Chhath Puja is a Hindu festival dedicated to the worship of the Sun God (Surya Dev).
It is mainly celebrated in the northern regions of India, particularly in Bihar, Jharkhand, Uttar Pradesh, and some parts of Nepal.
Chhath Puja is a four-day festival, which usually falls in the month of October or November, six days after Diwali.
The festival is celebrated to thank the Sun God for sustaining life on earth and seeking blessings for the well-being and prosperity of the family.
During the festival, devotees fast and offer prayers to the Sun God and his consort, Chhathi Maiya.
The festival involves several rituals such as taking a dip in the holy river, fasting, and offering prasad to the Sun God.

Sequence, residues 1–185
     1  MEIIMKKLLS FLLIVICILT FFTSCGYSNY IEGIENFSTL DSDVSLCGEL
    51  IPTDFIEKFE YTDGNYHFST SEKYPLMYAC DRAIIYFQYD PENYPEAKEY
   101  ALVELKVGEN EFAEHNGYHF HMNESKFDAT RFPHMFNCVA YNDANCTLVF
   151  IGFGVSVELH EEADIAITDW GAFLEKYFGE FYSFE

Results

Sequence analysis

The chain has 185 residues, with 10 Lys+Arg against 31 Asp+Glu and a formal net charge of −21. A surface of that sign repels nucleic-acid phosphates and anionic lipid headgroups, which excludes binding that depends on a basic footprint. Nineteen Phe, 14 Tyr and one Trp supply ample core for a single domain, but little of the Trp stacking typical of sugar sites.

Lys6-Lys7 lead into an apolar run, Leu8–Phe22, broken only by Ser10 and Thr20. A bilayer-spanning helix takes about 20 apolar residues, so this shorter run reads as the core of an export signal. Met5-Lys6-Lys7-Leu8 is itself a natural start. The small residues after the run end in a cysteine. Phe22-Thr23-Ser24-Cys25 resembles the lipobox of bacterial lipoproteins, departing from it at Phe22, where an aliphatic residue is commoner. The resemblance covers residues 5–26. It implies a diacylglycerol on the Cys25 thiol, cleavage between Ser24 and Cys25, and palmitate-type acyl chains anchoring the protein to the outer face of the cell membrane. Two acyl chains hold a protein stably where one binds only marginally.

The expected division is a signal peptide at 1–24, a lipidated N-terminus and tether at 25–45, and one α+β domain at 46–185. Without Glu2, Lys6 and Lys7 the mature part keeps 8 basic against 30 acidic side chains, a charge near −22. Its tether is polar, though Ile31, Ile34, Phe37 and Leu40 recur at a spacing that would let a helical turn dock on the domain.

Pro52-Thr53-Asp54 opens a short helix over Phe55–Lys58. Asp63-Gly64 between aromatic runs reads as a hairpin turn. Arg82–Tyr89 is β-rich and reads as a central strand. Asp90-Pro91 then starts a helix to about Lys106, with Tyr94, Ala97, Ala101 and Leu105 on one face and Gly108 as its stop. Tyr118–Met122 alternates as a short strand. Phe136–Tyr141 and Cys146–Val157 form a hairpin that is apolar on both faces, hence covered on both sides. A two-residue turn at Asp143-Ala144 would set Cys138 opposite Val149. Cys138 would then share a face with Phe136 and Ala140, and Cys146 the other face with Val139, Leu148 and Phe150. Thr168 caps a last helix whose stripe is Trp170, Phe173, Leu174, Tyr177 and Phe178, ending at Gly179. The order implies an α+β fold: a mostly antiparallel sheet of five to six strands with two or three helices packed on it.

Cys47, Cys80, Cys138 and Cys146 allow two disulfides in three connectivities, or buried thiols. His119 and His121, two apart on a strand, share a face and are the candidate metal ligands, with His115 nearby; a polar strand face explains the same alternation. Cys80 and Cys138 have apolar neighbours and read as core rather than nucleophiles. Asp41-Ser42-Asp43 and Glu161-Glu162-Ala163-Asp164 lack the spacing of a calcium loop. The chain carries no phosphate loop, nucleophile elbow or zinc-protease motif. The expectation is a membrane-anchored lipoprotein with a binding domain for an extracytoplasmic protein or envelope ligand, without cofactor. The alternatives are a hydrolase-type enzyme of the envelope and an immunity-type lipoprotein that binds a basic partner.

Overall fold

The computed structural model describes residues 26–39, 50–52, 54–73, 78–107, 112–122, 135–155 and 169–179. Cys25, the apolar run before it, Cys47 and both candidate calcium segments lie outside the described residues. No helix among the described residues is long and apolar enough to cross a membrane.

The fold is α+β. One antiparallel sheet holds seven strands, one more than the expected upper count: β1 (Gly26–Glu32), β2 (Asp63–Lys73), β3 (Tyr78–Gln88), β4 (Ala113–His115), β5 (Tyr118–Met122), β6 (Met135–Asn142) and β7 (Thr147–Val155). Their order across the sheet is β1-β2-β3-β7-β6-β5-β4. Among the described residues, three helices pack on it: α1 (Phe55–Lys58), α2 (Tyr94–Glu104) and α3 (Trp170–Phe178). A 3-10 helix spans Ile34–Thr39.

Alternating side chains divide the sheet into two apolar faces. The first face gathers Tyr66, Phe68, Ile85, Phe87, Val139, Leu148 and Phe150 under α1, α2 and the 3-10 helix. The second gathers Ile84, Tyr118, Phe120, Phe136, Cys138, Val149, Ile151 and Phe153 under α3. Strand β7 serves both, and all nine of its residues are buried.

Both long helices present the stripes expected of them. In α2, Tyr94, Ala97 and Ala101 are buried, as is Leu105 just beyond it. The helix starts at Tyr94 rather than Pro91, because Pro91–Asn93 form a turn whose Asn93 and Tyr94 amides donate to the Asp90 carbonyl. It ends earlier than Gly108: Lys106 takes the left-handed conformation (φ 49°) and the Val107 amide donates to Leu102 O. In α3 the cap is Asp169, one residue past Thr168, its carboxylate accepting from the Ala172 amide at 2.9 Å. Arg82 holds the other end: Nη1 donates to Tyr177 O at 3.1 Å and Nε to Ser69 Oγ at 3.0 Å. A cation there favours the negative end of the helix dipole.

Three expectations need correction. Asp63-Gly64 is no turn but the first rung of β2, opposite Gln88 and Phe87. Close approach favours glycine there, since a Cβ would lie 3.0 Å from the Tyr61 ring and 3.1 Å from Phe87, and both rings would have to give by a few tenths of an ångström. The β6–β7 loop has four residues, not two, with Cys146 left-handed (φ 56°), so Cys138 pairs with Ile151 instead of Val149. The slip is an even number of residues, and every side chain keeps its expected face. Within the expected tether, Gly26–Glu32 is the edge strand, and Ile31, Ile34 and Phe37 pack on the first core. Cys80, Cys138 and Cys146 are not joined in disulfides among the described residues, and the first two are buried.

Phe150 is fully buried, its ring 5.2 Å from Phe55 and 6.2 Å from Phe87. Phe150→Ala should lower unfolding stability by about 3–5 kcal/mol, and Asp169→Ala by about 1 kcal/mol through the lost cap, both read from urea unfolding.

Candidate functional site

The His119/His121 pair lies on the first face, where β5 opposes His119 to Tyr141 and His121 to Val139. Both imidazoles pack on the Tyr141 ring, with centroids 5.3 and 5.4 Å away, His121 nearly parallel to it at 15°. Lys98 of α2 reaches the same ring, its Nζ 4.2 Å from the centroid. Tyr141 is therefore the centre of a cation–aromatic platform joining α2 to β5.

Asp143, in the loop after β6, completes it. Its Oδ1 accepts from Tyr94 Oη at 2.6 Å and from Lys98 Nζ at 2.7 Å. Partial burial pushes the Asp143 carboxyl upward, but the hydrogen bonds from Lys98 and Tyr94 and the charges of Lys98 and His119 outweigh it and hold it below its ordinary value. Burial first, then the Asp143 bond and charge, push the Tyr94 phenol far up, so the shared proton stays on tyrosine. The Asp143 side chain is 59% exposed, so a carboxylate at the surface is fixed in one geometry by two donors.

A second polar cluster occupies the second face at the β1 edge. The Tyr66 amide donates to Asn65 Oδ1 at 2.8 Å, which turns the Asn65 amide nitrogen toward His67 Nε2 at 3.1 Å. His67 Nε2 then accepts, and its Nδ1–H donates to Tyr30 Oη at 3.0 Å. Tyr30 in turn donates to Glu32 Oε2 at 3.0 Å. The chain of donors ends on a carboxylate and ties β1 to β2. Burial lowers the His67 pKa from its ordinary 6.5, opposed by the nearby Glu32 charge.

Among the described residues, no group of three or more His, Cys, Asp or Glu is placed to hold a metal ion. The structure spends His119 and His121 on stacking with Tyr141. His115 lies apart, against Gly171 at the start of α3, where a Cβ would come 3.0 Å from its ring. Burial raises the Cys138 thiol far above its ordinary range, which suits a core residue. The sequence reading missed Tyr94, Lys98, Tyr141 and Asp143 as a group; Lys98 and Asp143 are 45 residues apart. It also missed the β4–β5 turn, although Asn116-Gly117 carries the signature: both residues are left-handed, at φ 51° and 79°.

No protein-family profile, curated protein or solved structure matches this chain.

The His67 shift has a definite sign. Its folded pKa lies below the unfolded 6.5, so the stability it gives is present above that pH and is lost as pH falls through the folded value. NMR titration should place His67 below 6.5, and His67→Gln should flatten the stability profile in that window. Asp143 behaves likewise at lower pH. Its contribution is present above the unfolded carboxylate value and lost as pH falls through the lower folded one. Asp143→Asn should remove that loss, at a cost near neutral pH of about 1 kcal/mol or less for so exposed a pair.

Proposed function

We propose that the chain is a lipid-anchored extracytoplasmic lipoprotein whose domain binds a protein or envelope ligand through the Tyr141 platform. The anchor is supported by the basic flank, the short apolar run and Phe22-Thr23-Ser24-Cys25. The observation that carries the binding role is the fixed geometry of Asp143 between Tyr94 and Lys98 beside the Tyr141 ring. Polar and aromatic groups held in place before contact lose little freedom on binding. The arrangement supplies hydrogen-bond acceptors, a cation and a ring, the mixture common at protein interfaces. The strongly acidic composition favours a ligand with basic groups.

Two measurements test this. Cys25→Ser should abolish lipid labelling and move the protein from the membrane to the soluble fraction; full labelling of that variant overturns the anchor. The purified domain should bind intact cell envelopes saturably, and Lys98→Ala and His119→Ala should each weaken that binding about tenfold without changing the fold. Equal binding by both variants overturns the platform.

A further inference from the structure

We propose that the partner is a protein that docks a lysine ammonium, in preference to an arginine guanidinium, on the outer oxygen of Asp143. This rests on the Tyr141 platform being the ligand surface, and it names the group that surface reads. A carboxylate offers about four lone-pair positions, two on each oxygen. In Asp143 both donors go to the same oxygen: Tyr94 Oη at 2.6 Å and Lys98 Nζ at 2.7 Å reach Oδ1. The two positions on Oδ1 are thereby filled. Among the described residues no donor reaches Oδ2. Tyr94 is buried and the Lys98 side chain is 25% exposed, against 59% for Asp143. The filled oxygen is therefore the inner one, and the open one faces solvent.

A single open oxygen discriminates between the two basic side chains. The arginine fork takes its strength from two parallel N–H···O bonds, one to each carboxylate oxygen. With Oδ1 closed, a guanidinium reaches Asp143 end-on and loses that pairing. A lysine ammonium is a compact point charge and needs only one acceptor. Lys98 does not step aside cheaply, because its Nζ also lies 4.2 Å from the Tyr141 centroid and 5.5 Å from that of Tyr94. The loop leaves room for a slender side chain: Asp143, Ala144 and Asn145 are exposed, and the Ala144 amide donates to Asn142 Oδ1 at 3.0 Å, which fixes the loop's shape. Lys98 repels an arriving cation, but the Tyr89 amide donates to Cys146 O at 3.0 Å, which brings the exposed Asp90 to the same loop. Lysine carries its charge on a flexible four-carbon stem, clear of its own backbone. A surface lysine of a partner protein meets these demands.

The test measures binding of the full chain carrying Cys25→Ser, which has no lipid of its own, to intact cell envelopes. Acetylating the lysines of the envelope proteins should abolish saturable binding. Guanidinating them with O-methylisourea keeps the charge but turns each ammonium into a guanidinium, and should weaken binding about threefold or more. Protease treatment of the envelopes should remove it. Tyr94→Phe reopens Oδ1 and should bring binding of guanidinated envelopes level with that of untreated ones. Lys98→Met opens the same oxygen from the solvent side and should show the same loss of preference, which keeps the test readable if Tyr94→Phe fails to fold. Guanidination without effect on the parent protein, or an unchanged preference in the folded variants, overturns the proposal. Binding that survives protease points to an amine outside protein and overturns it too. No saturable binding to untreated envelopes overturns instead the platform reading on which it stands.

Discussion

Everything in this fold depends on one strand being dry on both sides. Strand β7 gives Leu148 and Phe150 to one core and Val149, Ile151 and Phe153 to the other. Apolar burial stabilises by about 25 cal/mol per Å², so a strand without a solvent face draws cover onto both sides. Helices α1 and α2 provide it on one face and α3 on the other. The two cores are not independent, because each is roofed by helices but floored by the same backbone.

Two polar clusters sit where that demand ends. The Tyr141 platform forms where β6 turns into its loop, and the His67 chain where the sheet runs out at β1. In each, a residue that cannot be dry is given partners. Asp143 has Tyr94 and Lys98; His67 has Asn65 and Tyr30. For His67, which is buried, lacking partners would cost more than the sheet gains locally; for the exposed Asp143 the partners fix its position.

The first day of the festival is known as Nahay Khay, where devotees take a dip in the holy river and prepare traditional food.
The second day is known as Kharna, where devotees observe a fast for the whole day and break it in the evening after offering prayers to the Sun God.
The third day is known as Sandhya Arghya, where devotees offer prayers to the setting sun and make offerings of fruits, flowers, and prasad.
The fourth and final day is known as Usha Arghya, where devotees offer prayers to the rising sun and seek blessings for the well-being of their family.
Chhath Puja is also known as Surya Shashthi or Dala Chhath, and it is one of the most ancient and popular festivals of India.
The festival has its origins in the Vedic period and is believed to have been celebrated since the Mahabharata era.
Chhath Puja is a symbol of unity and harmony as it brings people from all walks of life together to celebrate and offer prayers to the Sun God.
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